• tripleblack
    , contributor
    Comments (13553) | Send Message
     
    No, the Ferrari was just very high profile. The two incidents are combined in much of the domestic Chinese news reporting. The EV that blew up was the Nissan incident, and was the accident in which the speeder was able to not only survive but flee the scene.

     

    The Ferrari driver, otoh, could not do this and died.
    30 May 2012, 02:23 PM Reply Like
  • motoyama
    , contributor
    Comments (3) | Send Message
     
    HTL,

     

    I am no troll. I have been following this concentrator since number 001. I apologize for my manners in my last post. Only excuse is that at my age, sometimes I forget my greetings and salutations.

     

    The intent was to clarify that the accident involving 3 deaths actually happened in China, not Hong Kong. This brings back an incident during my younger days when an old lady from Wisconsin asked if China was in Japan. LOL

     

    Again, my apologies to TB.
    1 Jun 2012, 02:15 PM Reply Like
  • tripleblack
    , contributor
    Comments (13553) | Send Message
     
    LOL, no apoligies required for me. For one thing, I provided no link, so I was assuming you were talking to someone else. Also, I never identified the locations for either accident, just mentioned that they were being combined in much of the Chinese media (which they were, both in Hong Kong and China). Finally, the point of including both was that I viewed the media attention (which included both accidents) would be a powerful incentive to initiate a thorough official investigation.

     

    It would seem that it all makes sense with a little thought. Motoyama, I believe you are not a troll.
    1 Jun 2012, 02:21 PM Reply Like
  • H. T. Love
    , contributor
    Comments (18189) | Send Message
     
    Motoyama: "... you should get the stories straight" is the phrasing that set me off. Since we are not the "brand X" board here, it need not be stated that one should get the story straight.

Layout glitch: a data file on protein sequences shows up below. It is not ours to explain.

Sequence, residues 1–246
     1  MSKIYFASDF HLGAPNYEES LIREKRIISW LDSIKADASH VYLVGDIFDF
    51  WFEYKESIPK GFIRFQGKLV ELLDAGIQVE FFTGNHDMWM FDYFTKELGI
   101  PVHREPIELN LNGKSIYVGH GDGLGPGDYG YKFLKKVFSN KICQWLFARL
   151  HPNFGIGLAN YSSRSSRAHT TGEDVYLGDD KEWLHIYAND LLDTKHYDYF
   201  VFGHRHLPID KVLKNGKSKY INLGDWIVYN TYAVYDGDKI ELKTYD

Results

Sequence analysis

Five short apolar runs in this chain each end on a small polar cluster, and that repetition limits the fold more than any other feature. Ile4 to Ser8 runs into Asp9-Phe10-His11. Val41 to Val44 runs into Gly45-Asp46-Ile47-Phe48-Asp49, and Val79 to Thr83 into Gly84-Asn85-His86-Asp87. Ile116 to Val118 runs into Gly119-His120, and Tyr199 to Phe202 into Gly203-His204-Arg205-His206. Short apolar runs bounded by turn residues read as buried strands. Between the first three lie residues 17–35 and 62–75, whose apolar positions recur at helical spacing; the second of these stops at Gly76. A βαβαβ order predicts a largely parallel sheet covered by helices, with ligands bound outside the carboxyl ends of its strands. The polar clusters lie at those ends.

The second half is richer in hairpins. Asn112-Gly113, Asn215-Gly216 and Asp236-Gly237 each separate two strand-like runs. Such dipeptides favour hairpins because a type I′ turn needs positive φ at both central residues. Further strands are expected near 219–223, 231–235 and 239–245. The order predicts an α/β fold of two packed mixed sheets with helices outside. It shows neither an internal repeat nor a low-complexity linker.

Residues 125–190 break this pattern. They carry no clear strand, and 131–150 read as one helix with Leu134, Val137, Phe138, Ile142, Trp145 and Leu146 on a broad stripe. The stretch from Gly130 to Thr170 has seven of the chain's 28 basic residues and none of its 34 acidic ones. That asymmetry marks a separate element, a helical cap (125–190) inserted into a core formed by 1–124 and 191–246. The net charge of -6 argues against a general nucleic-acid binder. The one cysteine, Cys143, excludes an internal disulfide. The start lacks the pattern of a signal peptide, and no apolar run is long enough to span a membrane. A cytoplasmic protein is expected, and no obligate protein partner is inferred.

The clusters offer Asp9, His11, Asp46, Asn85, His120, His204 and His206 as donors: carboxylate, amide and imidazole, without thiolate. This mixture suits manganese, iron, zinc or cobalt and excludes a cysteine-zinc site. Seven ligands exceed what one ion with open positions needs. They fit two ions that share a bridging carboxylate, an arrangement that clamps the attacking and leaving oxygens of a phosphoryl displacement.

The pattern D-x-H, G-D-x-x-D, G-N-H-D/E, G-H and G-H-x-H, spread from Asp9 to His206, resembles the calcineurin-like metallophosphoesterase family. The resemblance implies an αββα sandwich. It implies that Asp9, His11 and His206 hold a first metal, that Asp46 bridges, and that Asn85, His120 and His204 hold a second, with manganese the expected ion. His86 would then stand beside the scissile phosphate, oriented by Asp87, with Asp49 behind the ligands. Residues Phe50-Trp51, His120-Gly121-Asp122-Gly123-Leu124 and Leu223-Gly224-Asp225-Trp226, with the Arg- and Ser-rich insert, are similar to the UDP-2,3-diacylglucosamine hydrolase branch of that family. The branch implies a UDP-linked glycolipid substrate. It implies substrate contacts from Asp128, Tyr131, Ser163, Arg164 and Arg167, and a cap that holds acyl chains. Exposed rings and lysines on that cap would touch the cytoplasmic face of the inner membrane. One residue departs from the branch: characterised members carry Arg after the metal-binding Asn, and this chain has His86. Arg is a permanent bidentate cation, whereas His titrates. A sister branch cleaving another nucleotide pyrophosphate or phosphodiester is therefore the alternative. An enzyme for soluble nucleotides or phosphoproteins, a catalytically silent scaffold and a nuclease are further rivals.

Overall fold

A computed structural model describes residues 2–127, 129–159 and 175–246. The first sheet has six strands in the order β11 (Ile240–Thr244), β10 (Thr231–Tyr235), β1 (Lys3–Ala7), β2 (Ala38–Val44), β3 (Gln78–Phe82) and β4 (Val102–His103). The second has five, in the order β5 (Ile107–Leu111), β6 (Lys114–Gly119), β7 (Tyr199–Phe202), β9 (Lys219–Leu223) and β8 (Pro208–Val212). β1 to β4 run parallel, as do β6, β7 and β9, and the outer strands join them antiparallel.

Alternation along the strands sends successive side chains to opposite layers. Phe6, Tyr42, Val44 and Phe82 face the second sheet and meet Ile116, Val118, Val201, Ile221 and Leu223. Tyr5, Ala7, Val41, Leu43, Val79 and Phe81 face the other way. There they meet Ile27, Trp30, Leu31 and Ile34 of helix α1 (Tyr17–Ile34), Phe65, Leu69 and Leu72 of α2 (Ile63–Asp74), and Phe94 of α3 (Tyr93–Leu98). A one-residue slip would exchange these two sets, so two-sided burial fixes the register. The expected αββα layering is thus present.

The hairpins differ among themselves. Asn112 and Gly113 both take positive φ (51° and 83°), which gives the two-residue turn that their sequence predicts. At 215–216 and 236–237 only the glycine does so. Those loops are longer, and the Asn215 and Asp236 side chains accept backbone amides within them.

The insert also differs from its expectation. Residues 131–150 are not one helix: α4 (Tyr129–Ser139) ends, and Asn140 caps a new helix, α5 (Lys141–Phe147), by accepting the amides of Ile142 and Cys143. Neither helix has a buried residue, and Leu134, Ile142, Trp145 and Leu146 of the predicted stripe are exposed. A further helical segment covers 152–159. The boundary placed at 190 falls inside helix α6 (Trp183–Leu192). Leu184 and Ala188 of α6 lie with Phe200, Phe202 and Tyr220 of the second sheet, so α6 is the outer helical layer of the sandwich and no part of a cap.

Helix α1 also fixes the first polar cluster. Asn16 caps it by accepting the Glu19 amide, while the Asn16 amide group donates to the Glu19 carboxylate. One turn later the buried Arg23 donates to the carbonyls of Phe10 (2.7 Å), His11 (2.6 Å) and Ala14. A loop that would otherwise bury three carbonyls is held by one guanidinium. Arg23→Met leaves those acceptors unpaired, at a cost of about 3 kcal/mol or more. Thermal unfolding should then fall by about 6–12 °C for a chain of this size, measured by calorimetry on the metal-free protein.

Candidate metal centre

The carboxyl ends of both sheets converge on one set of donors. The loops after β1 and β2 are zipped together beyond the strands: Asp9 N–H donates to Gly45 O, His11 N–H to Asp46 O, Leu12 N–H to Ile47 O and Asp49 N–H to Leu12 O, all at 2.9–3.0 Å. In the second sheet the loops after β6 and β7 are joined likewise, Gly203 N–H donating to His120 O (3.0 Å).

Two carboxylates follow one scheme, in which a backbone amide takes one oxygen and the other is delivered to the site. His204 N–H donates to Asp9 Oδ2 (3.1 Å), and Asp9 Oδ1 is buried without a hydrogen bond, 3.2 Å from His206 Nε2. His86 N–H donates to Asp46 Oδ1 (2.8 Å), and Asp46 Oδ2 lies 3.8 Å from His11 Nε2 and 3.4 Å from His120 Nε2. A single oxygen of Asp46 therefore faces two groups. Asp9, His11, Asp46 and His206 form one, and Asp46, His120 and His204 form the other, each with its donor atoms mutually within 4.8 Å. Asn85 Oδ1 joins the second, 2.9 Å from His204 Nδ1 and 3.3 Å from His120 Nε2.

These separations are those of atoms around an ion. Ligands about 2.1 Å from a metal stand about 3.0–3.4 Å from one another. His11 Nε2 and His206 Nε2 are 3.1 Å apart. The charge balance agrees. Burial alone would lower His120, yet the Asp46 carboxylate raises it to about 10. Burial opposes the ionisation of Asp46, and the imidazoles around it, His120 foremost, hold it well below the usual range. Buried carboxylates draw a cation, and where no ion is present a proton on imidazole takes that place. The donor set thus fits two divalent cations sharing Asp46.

There will always be mistakes made, because we are "h00m0n" and we take it on faith that, regardless of errors that appear, a "best effort" was made by the poster.

     

    We then behave accordingly, maybe softening the interaction with an interrogatory.

     

    Having said that, I withdraw my judgment of your status as troll and offer only a potential exculpatory explanation that we've been plagued by *frequent* and persistent trolling by an individual or two.

     

    I look forward to enjoying your continued presence and contributions.

     

    HardToLove
    1 Jun 2012, 02:35 PM Reply Like
  • Mr Investor
    , contributor
    Comments (2891) | Send Message
     
    Well, I guess the guys selling thru AUTO are back from vacation.
    30 May 2012, 10:54 AM Reply Like
  • Ranma
    , contributor
    Comments (1873) | Send Message
     
    We had a nice one day demo of what happens once the seller is gone though.
    30 May 2012, 12:33 PM Reply Like
  • DRich
    , contributor
    Comments (4727) | Send Message
     
    I just hate (Nah, not really) breaking into the happy search for the next big market opportunity. I have just another " What If " type inquiry that I speculate about.

     

    What is the implication for Axion if we get another credit freeze like we're still suffering from. I don't worry about the Railroads spending (even as it would be slower) because I have a model to follow there from the 1930's and several other economic events. It would mean even slower growth prospects but how might BMW react? Would Rosewater's potential customer base evaporate?

     

    I'm not really concerned about Axion shuttering their doors but how might this investment thesis go. The EU could put a crimp on the next capital raise and the "masters of the universe" might repeat the disaster of saving their own backside while choking to death real economic activity.

     

    Just thought I'd see what the consensus might be. I'm looking for a good economic curandero.
    30 May 2012, 11:40 AM Reply Like
  • iindelco
    , contributor
    Comments (9756) | Send Message